So as I sat there at my favorite Portuguese restaurant one crappy Saturday afternoon, it hit me. As Pedrito laid the utensils on the table, I suddenly had an epiphany as he placed a stack of paper napkins next to my plate. That’s right, thirteen fragments of a dead tree. I know this because I counted them and who am I to question the generous nature of a waiter who figures that eating out requires an abundant amount of paper to clean one’s self. But then, it might have been his way of doing things routinely in an unconscious manner; who knows?
My intention was to go home after lunch and do a thorough search on the science that would explain the processes of manufacturing a paper versus cloth napkin. Needless to say, I found a ton of information about the pros and cons of each type of napkin; something that I wish not to discuss here because it would be rather lengthy and not of much interest, unless you have this thing going on about the practical and sustainable use of a napkin. You can read the science here:
If you don’t like this link search the net, there are a gazillion of them with varying opinions, as you well know!
My quest to understand this new found desire to curtail, or stop using altogether, this much overlooked culinary peripheral, led me to do some rather strange experimentation; first and foremost, questioning my wasteful ways through years of unconscious habituation. I’ve always carried a handkerchief in my back pocket, mostly for an unexpected snuggy or two that might occur……..I know, gross, but bear with me! I decided to eliminate the paper altogether and use only the hankie for a period of three weeks and see how that would work out. I can’t begin to tell you how difficult that was; the first week and a half I always found myself reaching for the paper napkin, both out at the restaurant and in my home. Luckily I caught myself each time and backed off. By the end of the second week I was like a junkie who had kicked the addiction.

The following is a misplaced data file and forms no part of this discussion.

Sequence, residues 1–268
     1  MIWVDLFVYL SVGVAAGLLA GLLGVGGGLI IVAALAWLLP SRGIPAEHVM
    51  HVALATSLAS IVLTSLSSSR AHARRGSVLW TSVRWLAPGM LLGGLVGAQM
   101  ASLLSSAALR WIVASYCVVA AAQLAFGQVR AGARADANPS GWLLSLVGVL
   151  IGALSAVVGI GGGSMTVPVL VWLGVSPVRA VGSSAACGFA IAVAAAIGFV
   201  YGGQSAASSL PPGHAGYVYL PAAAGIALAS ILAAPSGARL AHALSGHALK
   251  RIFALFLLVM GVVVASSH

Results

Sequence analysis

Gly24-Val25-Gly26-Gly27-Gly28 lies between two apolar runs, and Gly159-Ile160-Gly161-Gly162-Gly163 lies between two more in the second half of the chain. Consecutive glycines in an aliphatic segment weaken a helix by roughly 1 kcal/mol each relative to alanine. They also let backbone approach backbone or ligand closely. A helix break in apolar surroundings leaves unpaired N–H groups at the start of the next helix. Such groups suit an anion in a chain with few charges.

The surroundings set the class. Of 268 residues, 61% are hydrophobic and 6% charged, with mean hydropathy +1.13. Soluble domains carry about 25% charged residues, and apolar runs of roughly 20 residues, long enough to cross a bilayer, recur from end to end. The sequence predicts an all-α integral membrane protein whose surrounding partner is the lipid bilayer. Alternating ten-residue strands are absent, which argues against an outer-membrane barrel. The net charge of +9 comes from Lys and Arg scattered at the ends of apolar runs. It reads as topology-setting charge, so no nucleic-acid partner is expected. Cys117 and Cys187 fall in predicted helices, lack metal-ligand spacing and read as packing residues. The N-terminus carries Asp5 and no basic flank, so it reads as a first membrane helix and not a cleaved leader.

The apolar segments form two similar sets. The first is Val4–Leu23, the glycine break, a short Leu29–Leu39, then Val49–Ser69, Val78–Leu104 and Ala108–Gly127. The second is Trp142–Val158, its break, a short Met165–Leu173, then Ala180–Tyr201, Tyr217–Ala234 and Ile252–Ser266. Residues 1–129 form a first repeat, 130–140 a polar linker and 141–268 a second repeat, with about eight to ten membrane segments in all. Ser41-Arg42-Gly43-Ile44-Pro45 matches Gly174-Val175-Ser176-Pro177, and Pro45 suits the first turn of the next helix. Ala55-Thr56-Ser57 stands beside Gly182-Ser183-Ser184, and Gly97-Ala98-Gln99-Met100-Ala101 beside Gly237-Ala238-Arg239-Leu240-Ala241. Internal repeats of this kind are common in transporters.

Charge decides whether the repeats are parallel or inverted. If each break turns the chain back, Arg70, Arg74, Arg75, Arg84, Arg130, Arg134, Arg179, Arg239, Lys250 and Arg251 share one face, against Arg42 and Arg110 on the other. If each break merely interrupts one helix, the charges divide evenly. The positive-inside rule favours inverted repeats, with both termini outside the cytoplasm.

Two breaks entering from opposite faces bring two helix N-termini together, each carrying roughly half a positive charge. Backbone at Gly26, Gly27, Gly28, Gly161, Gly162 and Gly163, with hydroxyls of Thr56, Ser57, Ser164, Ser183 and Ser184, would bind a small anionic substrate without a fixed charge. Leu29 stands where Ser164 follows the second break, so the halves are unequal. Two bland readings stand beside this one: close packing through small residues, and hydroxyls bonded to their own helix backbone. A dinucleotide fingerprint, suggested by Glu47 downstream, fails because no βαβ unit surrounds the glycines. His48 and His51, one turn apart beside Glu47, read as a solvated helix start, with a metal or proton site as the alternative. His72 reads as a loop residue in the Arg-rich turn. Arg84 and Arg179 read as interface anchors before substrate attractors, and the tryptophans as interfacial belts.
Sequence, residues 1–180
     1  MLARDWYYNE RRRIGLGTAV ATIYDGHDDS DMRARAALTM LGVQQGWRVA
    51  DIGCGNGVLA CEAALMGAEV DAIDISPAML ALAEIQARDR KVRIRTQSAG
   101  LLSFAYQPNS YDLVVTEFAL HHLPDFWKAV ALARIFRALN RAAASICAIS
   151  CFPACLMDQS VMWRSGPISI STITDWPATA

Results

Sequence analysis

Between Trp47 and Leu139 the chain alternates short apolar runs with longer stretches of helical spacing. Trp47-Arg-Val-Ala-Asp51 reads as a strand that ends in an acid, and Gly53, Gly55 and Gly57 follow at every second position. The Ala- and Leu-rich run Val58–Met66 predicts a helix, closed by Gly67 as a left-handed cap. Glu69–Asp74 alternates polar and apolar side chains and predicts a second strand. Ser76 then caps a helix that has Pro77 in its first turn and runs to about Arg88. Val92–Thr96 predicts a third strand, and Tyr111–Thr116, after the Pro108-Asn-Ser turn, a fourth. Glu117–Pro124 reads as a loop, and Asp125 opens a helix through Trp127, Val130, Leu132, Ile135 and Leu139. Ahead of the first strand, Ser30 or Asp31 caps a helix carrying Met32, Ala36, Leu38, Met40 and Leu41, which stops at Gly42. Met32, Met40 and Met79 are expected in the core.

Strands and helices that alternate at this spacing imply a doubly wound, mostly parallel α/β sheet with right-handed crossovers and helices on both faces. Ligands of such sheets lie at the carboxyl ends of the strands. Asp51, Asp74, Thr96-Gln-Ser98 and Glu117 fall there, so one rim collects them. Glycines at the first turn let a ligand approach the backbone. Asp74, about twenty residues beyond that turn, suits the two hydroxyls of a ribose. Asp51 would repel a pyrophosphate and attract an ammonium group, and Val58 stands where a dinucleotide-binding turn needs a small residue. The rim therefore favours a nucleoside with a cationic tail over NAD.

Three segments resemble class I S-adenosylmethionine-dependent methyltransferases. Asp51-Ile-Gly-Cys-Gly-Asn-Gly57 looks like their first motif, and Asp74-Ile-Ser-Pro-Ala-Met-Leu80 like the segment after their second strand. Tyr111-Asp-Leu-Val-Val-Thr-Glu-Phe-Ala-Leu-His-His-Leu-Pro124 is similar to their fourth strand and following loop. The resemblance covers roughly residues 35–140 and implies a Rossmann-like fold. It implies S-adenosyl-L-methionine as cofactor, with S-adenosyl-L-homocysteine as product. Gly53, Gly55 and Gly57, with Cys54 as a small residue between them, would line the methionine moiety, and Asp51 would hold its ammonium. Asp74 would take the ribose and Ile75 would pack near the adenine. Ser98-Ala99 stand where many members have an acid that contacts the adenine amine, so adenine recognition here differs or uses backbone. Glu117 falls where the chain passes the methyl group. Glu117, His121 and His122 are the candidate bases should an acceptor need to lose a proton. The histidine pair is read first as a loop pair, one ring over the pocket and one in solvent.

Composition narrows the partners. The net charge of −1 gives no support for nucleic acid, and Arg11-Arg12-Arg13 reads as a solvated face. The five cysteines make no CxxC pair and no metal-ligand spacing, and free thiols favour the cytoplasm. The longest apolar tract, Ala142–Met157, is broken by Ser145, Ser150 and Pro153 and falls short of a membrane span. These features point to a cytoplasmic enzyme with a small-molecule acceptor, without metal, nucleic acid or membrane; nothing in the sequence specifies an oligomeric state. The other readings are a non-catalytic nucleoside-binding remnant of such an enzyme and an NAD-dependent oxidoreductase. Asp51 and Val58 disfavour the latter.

Long story short, I don’t need to consume fragments of a living and imperiled entity to clean my mouth or hands anymore, and I’ve learned a new found use for the hankie that I’ve always carried around with me most of my life. For me it has added to my sustainability consciousness and it has saved me money and time because my soiled hankies last me about two weeks before I wash them and hang dry them on my clothes line.
Big deal, right…probably not in the larger scheme of things, but just think if everyone in your state alone decided to use only reusable cloth napkins. Do you believe this might help to alleviate the negative impact we’re creating on the environment, in this case trees? I know, you’ll say ” Hey, dude, there’s recycled paper napkins…..daaaaaaaaa.” True, but why recycle something that need not be recycled if there is no need for it? Try your own experiment and see how you feel about your own experience. Get back to us and let us know how it worked out!